CONSUELO MACK: Right.

 

BEN INKER: So we’ve got a specific policy by central banks to try to make risky assets more expensive. To some degree they have succeeded, but that is a dangerous game to play, right? They’re pushing up the prices of stocks, but not particularly because they really care about the owners of stocks. They’re pushing up the prices of stocks because they’re hoping it will help the economy. But what they really care about is the economy. So if the economy ever really gets going, you’ve got to be pretty careful about decisions you made based on decisions they made when the economy wasn’t going very well. So we think it’s a tricky time. It is hard, because we’d love to be able to invest without worrying about what the Federal Reserve was doing. You can’t do that now, given how incredibly active they are in the markets. But it creates a situation where there is significant risk, and one of the risks that you have to face right now, which is not normal for investors, is the risk of the economy actually getting back on its feet.

 

CONSUELO MACK: Oh, how interesting. That’s a problem?

 

BEN INKER: Yes. That could wind up being a problem, because if you think about it, we’ve got extraordinarily easy monetary policy, so interest rates right now are two percent less than inflation. Extraordinarily low. Really just about the lowest we’ve ever seen in history.

 

CONSUELO MACK: And you’re talking about short-term interest rates, and inflation is running about two percent, and we’re at zero percent, as far as short-term interest rates are concerned.

 

BEN INKER: Exactly. And that works right now, because there is a lot of slack in the economy. We’ve got unemployment of 7.6%, and so price pressures aren’t really there in the real economy. But if the economy does get traction, and we get back to a more normal situation, capacity utilization starts rising, unemployment starts falling, and there’s less spare capacity, well, all of that money might lead to inflation, and if it did, interest rates would have to rise in a really sharp fashion. Right now, they can afford to have interest rates significantly below the rate of inflation, but let’s imagine inflationary expectations started to rise. So they’re at two percent now, they get to be four percent, and suddenly the Federal Reserve says, “Well, wait a minute. We don’t want four percent. We like two.” Well, the problem is the way to get those inflationary expectations down from four to two is you’ve got to raise real interest rates.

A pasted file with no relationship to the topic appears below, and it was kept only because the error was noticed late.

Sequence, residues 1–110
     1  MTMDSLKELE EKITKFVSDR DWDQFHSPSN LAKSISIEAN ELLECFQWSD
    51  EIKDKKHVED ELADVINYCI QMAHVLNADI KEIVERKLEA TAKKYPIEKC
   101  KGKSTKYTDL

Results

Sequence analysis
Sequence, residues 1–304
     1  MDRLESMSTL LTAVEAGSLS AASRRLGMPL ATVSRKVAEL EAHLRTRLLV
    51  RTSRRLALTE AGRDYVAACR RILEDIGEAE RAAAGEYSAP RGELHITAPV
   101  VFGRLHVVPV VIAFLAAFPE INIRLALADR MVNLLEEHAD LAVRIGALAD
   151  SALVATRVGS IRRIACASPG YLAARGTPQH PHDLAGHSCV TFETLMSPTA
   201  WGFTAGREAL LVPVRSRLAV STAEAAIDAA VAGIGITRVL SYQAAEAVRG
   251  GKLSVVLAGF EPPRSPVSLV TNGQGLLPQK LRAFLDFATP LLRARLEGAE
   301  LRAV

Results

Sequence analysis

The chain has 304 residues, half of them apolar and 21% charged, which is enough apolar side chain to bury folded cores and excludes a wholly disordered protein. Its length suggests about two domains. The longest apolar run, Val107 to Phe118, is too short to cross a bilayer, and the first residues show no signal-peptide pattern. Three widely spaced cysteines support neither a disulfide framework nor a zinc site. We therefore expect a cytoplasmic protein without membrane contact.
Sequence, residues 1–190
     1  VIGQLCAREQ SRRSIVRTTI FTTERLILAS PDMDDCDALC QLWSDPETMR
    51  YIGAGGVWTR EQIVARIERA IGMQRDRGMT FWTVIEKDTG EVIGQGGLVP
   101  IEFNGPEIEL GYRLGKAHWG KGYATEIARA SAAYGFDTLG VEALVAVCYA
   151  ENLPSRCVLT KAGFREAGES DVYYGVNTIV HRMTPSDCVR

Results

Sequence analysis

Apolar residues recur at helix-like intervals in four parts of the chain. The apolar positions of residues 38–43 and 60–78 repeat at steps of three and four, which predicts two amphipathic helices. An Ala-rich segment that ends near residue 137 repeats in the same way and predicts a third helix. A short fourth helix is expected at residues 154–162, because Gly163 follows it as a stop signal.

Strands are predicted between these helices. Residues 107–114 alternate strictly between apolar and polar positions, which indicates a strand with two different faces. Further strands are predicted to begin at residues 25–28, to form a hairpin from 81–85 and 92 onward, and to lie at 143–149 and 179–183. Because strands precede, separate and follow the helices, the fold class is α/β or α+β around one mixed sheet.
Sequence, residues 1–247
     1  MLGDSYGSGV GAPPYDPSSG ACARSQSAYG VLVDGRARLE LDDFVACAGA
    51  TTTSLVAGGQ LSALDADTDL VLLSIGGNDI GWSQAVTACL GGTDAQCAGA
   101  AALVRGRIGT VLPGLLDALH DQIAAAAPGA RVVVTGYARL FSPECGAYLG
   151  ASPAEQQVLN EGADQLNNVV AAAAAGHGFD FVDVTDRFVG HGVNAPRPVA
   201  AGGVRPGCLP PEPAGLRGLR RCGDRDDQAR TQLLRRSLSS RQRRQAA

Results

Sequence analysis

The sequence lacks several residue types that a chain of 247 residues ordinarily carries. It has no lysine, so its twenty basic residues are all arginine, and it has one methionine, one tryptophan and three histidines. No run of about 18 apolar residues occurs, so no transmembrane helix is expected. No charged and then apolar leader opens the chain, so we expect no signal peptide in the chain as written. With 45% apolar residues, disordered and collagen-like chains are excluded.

So you’ve got to raise interest rates not just the two points that are the amount by which inflation went up, but then you’ve got to raise them by more, and you really have to get interest rates above the rate of inflation. So if we’re zero now, which is two points less than inflation, we might have to get up to five or even six then to be greater than inflation. And so that would be a disaster, certainly for bond investors. It probably wouldn’t be very good for stock market investors, or real estate. So it’s one of those things that’s a risk you’ve got to be … you’ve got to have in the back of your mind. It’s not happening now, but if it did happen, it could really blow a hole through your portfolio.

 

CONSUELO MACK: And what’s interesting is that it’s inflation expectations that you’re talking about, and inflation expectations as measured by the things that the Fed looks at, that measures inflation what, two or four years down the road. So it’s not even as if you’re seeing inflation go up, but it’s the expectation of. So it’s all of these nebulous things that could have a huge impact on the markets.

 

BEN INKER: Exactly. And we’re seeing that absolutely going on right now in Japan, where the Bank of Japan has done absolutely extraordinary statement of how much they want to expand their balance sheet.

 

CONSUELO MACK: There’s no limit, right, essentially?

 

BEN INKER: No limit. And they’re doing it until inflationary expectations get up to two percent. So what they’re interested in is not directly what is inflation in Japan, but what do people think inflation will be going forward, because they want people making decisions based on the idea that there will be inflation. And it’s a tricky game to play, and we’ll see how it turns out either in Japan or the U.S., but it’s a situation that we haven’t seen in the past, and so understanding the implications for asset prices is… it is harder than usual.

 

CONSUELO MACK: So there you are. You’re co-head of asset allocation at GMO, and you are running portfolios. You have to make these decisions. So where have you come out? What’s your asset allocation strategy right now?